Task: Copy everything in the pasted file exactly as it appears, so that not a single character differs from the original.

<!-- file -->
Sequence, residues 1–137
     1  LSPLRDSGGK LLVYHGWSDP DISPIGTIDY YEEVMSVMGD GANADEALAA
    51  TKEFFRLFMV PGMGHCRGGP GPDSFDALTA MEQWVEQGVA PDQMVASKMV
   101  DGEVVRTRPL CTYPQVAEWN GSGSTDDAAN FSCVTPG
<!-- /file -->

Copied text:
Sequence, residues 1–137
     1  LSPLRDSGGK LLVYHGWSDP DISPIGTIDY YEEVMSVMGD GANADEALAA
    51  TKEFFRLFMV PGMGHCRGGP GPDSFDALTA MEQWVEQGVA PDQMVASKMV
   101  DGEVVRTRPL CTYPQVAEWN GSGSTDDAAN FSCVTPG